The Ghost of Howlers Beach by Jackie French
The Butter O'Bryan Mysteries. Angus and Robertson, 2020.
(Age: 10+) Highly recommended. Jackie French has done it again! This is a wonderful piece of fiction for young readers that weaves a story within a historical period of history, making it accessible for those who may have limited understanding of the Depression or of the impacts on life in Australia for the returned veterans from World War I. Butter O'Bryan is the 12-year-old central character (this is not his real name, but nicknames are prevalent in this family!), a young boy whose family is somewhat protected from the worst of the post-war dilemmas, but they too have suffered loss as Butter's mother died in the previous year in the Polio epidemic. Butter lives with his doctor father and aunts in their "Very Small Castle" - the result of their inheritance as children of the 'Jam King'. When Butter encounters three children in the bay close to home it seems at first that he has met a family of ghosts. The mystery surrounding these children continues and slowly they become intertwined into the summer holiday experience for Butter. The solving of the mystery leads to understanding and care, compassion and a future for many families living a hand-to-mouth existence on the limited hand-outs from the government.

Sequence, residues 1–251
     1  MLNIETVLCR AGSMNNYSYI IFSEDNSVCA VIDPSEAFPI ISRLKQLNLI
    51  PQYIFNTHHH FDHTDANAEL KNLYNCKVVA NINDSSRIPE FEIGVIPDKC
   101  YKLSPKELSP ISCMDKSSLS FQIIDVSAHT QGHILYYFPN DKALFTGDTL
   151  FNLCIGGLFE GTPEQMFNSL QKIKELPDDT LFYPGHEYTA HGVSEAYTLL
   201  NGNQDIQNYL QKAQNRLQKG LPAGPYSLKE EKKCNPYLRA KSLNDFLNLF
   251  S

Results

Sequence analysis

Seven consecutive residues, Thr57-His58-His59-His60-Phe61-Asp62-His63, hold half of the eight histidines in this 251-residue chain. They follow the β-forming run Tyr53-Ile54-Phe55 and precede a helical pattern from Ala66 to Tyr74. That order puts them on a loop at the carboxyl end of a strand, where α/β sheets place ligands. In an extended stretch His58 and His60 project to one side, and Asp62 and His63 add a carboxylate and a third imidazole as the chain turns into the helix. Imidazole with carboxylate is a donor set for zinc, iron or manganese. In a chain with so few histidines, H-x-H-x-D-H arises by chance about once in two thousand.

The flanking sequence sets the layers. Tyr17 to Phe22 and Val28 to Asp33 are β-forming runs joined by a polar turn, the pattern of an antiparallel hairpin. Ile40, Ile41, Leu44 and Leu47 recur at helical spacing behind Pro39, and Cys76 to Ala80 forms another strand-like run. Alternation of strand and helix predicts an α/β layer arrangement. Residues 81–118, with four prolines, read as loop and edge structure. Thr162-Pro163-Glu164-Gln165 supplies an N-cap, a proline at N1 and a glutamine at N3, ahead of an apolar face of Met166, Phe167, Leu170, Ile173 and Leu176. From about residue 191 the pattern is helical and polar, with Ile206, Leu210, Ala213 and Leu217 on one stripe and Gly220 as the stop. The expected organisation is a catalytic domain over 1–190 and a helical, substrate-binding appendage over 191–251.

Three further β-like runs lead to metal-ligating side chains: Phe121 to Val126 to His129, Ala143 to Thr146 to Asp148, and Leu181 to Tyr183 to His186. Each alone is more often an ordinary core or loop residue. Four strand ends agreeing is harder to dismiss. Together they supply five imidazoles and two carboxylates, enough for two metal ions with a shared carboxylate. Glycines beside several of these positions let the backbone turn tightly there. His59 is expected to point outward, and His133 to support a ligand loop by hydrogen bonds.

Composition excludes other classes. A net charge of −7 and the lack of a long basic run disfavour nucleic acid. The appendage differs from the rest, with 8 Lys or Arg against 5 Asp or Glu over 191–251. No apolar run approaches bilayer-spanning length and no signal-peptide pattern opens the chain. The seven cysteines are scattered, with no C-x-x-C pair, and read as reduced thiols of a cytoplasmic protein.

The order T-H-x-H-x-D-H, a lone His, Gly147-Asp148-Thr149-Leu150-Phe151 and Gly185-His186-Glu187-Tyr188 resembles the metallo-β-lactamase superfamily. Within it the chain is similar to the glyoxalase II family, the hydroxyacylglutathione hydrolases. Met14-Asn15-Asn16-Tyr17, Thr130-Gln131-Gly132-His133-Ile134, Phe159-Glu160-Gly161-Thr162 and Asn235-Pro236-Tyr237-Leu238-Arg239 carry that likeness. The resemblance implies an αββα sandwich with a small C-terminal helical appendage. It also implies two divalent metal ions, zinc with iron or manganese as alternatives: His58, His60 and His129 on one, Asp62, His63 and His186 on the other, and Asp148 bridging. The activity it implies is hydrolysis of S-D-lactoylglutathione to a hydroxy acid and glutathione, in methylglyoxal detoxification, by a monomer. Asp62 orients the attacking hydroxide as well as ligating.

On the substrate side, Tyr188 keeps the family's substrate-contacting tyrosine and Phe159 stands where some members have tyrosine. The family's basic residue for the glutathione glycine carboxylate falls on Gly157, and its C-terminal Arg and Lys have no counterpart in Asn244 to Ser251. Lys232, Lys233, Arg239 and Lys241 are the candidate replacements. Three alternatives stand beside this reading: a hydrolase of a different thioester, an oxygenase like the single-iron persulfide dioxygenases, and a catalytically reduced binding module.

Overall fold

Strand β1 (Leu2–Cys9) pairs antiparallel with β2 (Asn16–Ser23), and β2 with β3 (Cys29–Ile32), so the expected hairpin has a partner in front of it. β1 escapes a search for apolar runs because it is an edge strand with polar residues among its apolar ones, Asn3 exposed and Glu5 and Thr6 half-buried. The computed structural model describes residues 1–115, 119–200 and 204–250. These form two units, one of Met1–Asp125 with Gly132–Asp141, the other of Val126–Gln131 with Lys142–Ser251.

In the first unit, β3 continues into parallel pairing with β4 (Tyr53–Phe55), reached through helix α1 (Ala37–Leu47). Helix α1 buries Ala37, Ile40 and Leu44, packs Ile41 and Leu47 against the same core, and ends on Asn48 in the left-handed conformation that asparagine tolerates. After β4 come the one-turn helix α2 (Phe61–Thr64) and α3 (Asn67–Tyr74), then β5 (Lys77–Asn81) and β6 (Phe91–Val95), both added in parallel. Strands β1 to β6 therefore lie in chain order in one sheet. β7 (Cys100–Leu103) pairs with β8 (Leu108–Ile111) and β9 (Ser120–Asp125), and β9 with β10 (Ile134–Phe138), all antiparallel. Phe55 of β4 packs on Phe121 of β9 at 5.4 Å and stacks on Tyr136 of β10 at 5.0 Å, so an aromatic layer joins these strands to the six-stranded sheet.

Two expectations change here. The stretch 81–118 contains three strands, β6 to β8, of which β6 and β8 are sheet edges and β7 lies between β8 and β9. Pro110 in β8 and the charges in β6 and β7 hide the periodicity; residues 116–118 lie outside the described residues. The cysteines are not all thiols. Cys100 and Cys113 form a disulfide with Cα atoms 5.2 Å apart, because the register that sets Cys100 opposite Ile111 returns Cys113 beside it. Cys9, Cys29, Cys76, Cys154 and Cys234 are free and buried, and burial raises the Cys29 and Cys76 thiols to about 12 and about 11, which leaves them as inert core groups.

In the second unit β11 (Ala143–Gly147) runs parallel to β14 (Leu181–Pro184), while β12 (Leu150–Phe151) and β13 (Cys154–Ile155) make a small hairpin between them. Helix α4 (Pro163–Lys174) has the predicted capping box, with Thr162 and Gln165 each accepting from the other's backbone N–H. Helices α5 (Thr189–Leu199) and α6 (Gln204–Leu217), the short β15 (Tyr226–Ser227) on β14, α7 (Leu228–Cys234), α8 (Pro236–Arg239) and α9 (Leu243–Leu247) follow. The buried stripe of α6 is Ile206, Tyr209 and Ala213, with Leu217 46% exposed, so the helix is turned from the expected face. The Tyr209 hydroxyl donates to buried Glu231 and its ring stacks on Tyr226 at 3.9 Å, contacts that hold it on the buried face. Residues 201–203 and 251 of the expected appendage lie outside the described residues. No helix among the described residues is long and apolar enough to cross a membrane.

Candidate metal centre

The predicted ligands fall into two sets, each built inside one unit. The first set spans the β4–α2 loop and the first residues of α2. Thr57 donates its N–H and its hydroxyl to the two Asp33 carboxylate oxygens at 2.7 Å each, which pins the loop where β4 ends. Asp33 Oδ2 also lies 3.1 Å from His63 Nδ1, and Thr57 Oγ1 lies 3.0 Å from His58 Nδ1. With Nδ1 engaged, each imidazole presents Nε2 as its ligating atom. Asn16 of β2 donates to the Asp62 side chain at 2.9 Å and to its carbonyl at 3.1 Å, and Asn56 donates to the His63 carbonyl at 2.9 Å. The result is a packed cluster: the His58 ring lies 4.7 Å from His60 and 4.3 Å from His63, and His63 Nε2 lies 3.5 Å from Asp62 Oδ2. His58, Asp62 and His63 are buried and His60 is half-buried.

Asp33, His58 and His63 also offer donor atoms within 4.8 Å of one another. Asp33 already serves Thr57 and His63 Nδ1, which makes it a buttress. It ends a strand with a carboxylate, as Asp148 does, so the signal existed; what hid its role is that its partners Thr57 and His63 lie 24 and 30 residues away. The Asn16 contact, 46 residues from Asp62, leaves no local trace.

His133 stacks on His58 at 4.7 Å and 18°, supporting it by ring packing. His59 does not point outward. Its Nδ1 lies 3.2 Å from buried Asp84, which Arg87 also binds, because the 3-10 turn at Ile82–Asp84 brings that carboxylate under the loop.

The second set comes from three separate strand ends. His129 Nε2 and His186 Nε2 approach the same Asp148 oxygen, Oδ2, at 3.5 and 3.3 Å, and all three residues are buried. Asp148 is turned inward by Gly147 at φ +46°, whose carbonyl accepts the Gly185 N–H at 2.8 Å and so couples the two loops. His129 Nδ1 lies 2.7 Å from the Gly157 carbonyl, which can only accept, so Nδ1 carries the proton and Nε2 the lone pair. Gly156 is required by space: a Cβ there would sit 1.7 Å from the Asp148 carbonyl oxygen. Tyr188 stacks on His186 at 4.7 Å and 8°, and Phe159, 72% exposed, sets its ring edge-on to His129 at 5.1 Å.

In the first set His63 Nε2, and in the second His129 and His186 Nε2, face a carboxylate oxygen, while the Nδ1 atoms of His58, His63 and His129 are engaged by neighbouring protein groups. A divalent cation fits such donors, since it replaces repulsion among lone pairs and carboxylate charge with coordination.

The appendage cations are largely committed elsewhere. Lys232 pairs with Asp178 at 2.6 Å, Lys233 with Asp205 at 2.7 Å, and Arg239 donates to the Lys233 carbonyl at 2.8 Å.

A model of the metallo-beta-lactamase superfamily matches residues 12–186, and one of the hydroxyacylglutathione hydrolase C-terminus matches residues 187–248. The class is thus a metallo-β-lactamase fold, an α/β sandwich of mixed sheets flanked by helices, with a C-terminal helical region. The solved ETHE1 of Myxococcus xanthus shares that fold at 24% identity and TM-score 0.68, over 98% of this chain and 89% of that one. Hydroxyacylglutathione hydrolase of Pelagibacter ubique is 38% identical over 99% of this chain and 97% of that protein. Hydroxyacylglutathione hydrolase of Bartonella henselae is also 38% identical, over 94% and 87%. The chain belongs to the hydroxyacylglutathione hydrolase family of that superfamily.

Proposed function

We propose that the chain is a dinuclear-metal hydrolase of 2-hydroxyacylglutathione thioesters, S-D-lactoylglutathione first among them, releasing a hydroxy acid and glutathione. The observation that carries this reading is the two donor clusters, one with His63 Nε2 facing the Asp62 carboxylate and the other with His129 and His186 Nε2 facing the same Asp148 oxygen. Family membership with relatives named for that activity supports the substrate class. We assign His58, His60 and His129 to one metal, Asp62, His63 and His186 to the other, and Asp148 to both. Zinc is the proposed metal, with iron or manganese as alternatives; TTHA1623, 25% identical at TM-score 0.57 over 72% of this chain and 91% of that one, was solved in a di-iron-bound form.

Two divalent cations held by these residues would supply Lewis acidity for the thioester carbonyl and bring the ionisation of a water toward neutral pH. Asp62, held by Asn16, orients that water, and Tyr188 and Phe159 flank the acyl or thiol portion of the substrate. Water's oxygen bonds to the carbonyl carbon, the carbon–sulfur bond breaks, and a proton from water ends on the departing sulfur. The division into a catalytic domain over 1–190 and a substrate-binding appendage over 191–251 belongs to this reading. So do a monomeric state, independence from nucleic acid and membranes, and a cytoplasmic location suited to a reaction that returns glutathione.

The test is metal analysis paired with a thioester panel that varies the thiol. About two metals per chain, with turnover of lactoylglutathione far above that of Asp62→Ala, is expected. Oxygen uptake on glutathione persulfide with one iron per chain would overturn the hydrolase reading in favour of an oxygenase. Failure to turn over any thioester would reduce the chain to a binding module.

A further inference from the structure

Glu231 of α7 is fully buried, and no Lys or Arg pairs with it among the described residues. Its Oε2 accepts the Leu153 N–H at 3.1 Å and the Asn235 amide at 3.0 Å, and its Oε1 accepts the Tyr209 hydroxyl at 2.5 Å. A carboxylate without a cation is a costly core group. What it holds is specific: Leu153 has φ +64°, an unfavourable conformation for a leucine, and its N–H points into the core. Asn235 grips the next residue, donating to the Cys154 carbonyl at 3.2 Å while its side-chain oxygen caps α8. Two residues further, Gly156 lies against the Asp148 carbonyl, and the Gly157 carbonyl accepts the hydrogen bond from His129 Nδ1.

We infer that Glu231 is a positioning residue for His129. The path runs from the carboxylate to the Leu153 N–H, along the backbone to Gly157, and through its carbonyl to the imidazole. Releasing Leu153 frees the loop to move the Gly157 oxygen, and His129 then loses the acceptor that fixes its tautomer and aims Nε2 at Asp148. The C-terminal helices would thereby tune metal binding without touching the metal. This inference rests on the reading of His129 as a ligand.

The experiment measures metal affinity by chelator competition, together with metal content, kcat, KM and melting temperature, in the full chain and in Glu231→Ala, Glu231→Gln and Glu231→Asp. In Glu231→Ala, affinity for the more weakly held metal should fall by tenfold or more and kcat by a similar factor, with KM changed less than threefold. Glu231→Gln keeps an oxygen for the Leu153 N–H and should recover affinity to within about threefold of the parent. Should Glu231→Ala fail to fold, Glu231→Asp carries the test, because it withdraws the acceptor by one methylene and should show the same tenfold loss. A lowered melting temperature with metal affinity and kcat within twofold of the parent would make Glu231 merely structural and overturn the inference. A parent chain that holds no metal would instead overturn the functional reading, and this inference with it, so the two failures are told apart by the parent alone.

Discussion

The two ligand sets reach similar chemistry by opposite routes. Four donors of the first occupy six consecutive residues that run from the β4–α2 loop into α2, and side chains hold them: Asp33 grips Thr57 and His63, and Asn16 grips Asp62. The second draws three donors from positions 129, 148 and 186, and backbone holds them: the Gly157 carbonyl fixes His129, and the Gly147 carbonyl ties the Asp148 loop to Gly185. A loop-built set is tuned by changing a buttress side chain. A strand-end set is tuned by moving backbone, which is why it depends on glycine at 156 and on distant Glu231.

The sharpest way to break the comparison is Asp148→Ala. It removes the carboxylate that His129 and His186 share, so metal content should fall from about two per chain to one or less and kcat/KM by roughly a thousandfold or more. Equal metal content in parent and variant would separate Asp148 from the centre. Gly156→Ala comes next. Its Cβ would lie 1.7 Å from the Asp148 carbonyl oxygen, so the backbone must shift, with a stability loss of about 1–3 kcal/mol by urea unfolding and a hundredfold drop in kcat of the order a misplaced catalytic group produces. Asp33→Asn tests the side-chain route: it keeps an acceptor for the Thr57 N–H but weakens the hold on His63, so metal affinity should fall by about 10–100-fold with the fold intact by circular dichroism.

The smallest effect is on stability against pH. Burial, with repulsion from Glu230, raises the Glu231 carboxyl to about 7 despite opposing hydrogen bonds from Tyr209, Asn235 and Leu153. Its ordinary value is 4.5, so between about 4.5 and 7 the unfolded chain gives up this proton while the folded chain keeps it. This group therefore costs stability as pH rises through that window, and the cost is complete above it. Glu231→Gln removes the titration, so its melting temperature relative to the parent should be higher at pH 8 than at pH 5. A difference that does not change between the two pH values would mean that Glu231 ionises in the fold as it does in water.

The setting of the coastal castle (albeit small) is charming, but the caring nature of Butter's family is delightful as they slowly become aware of the needs of first three children and then many, living just beyond their doors, through a period of dreadful hardship in Australia's past. The Depression and the hardships that individuals faced also highlights the paternalistic society and inherent racism and sexism that now seems so strange. Hindsight reveals why so many social changes needed to occur.
What French manages to do most successfully is to make a page-turning narrative that will appeal to young readers, male and female. With cricket games on the beach, food choices that are all basic 'Australian' fare and the freedom for young characters, mixed with the horrors of pre-antibiotic life and health-care that often excluded the poor, this is an eye-opening story. From the opening line, when a skull is discovered on the beach, young readers will be hooked. At the end of the story is also some background historical detail to explain the 'Make-do' era, the 'Susso' payments or the 'dole', multiple 1930s recipes, and other reflections on 1930s life. For our children of the 'throw-away' or 'instant-fix' era who have many easy solutions to problems, this will be a worthwhile introduction to this history.
I am hoping there will be more Butter O'Bryan mysteries. Themes: Family; Historical Mystery; Post-World War I History; 1930s Depression; Australian History - Fiction; Polio; Mental illness.